Do you prefer a boisterous coach like Rex Ryan or a strait-laced Marvin Lewis type?

October 25, 2013

Bengals Coach Marvin Lewis, left, and Jets Coach Rex Ryan talk before a 2011 preseason game. (Associated Press Photo/Julio Cortez)
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Week 8 is here, and undoubtedly the biggest national game of the week is … Jets-Bengals?

Well, by one simple measure, it is. There are only two games this week featuring teams that both have winning records. One of them is Cowboys at Lions (weird, just writing that gave me a sudden urge for turkey, stuffing and cranberry sauce), both of whom check in at 4-3. The other is Jets at Bengals, and given their 4-3 and 5-2 records, respectively, one can easily argue that this is the week’s best matchup. In fact, I just did — see how easy that was?

Cincinnati was more or less expected to be as good as it’s been, but many have been shocked at New York’s results so far. Of course, that last clause could just as easily refer to the Giants, who have been shockingly awful. However, the Jets have gone from national laughingstock to legitimate playoff contender, notching impressive wins over New England and at Atlanta.

In the process, the Jets have considerably reduced the temperature of Coach Rex Ryan’s seat. With a new general manager, and having endured a 6-10 season chock full of embarrassments (cough, cough, Buttfumble, cough), Ryan was widely considered a Dead Man Coaching. But if the Jets can finish at least 8-8, he’ll probably get some sort of contract extension.

For his part, Bengals Coach Marvin Lewis knows a thing or two about the hot seat. He took over a 2003 Cincinnati squad in utter disarray, and led the franchise to consecutive 8-8 seasons before going 11-5. Then the Bengals slumped to 8-8, 7-9 and 4-11-1, at which point Lewis could point to just one winning campaign in six tries. He coached Cincinnati to a 10-6 season in 2009, and was named the AP NFL coach of the year, but then immediately plummeted to 4-12, and it seemed inevitable that he was a goner.

But Cincinnati owner Mike Brown, not always known for doing the logical thing, promptly gave Lewis a contract extension. And so far, so good. Since 2011, the Bengals have gone 9-7, 10-6 (making the playoffs both years) and, to this point, 5-2.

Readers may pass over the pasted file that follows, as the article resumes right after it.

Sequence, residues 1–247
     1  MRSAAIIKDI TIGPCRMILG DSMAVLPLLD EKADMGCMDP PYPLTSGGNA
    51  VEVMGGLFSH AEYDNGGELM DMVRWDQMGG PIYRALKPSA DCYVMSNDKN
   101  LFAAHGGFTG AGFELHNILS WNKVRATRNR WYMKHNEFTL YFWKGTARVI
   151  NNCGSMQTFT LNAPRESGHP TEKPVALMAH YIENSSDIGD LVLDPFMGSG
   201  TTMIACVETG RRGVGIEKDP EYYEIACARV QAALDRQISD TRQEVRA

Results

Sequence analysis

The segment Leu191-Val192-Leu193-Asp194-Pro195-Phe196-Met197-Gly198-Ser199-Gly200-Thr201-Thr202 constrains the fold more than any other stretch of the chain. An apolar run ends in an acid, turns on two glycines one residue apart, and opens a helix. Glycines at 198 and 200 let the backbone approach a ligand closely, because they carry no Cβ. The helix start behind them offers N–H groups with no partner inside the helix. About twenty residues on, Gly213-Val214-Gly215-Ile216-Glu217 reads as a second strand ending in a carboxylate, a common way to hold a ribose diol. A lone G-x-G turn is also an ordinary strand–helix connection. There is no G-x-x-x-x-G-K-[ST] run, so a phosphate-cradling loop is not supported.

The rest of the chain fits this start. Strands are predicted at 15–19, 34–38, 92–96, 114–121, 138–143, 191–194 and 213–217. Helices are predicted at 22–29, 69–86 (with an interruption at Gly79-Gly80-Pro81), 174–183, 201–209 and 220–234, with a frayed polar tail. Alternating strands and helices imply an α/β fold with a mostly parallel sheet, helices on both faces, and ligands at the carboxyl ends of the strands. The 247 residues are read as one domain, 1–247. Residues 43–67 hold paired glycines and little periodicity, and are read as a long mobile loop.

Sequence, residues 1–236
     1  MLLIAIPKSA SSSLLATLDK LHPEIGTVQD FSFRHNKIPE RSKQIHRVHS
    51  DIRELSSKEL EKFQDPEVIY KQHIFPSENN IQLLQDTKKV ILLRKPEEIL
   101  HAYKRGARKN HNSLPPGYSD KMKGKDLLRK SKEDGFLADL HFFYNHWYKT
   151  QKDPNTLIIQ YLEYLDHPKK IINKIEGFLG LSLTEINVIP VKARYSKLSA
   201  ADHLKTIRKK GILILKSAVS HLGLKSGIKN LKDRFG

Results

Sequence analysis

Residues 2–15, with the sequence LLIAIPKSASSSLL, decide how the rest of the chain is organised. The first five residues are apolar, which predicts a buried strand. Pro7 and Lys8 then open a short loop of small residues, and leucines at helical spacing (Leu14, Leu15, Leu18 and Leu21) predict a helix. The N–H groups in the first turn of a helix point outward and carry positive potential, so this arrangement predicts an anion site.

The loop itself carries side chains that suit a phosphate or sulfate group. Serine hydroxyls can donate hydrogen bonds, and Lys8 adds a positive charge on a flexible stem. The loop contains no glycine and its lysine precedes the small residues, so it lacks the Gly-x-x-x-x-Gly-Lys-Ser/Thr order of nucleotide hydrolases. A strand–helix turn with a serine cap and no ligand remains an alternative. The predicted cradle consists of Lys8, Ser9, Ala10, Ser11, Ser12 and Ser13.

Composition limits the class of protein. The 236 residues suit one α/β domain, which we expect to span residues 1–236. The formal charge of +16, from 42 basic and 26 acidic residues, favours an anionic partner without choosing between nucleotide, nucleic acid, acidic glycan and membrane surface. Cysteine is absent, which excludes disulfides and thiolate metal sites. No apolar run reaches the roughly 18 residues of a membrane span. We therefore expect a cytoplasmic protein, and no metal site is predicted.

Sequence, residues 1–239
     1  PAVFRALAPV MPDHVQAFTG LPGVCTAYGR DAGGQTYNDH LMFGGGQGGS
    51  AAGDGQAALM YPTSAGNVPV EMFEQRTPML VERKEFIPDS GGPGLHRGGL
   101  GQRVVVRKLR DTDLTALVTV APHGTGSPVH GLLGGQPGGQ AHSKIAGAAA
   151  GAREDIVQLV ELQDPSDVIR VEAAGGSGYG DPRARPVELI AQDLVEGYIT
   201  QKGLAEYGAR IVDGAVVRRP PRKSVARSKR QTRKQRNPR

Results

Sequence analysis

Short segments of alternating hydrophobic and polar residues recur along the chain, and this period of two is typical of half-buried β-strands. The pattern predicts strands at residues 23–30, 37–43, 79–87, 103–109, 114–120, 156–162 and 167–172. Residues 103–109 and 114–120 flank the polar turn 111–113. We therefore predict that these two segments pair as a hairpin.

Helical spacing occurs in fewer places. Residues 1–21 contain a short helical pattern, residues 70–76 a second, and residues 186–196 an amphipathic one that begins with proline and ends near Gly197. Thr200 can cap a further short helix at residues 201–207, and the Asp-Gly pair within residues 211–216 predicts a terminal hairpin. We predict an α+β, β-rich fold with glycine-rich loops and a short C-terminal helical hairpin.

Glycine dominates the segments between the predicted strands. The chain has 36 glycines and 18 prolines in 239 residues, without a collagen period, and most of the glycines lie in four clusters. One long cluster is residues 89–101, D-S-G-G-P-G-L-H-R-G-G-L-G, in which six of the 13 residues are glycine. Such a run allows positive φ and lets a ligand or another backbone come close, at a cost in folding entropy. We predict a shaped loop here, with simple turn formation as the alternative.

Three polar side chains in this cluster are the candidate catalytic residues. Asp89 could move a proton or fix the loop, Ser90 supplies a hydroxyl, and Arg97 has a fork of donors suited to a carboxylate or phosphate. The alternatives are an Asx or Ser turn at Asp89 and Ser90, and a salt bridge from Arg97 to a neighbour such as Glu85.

So Ryan and Lewis have both seen the highs of lows of NFL head coaching gigs, and both had parlayed successful stints as Ravens defensive coordinator into those gigs (of course, between Baltimore and Cincinnati, Lewis spent a year as Redskins defensive coordinator, not that I need to tell you guys that. Just for trivia’s sake, can you name the QB who threw the most passes for the team that year?). Plus, they are both well-liked by their respective team’s owners.

However, the similarities between Ryan and Lewis pretty much end there. Ryan has already carved out a place among the NFL’s all-time biggest personalities, at least as far as head coaches go. The struggles of the past two seasons have served to tone down his braggadocio a bit, but he rarely seems to be without a big smile on his face, a quip on his lips, and his wife’s feet … well, let’s just leave that alone.

Lewis, on the other hand, is a fairly calm, low-key personality, and he fits the profile of the modern NFL head coach, who tries to reveal as little as possible to the public. However, he wasn’t afraid to call out his quarterback last season for not showing enough fiery leadership.

Another difference between Ryan and Lewis is that the former has actually won games in the playoffs. In 2009 and 2010, Ryan’s Jets went 4-2 in the postseason, winning all four on the road and making to to the AFC championship game both times. With Mark Sanchez at quarterback, no less, who I hold much more accountable for the team’s underachieving in 2011 and 2012. Lewis has been to the playoffs four times, but has lost his first game on all four occasions.

Personally, as a Jets fan, I love Ryan. The big talk sets him up to look like a buffoon if he doesn’t deliver, but at the end of the day, all coaches are judged on how often they win, regardless of how many or few headlines they create along the way. In a league full of Belichick-wannabe drones at head coach, Ryan’s back-slapping boisterousness strikes me as a breath of fresh air. Plus, he really is a terrific defensive coordinator, and his players respond well to the fact that he is such a genuine person.

Give me that over Lewis, a fine defensive coordinator in his own right who may be coming into his own as a head coach after all these years. Lewis gives a team a steady hand in terms of leadership, and certainly creates fewer potential distractions for his team. But if I had to choose one or the other to coach my squad, I’d grab a seat on Rex’s roller-coaster ride. I’d gamble that Ryan could take my team to higher highs than Lewis, and if I got lower lows along the way, well, at least Rex would keep things entertaining.

What about you? If you had to pick one to coach your team, would you opt for Ryan or Lewis?

Des Bieler is a page designer, artist and writer who contributes his NFL insights to Opening Kick on Fridays and the print edition’s game-day page on Sundays. Follow him on Twitter at @DezBeeWP.

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What’s ahead:

● Mark Maske on Will Montgomery’s contribution to getting an NFL rule changed at 8:30.

● Mike Jones’s five story lines to watch at 10 a.m.

This former editor and part-time writer at The Post is now happy to prove that if you combine 'blowhard' and 'blaggard,' you get 'blogger.' He previously had used 'Desmond Bieler' as his byline, but feels that shortening the first name to 'Des' nicely conveys his ever-decreasing gravitas. He also covers Fantasy Football.
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Mark Maske · October 24, 2013

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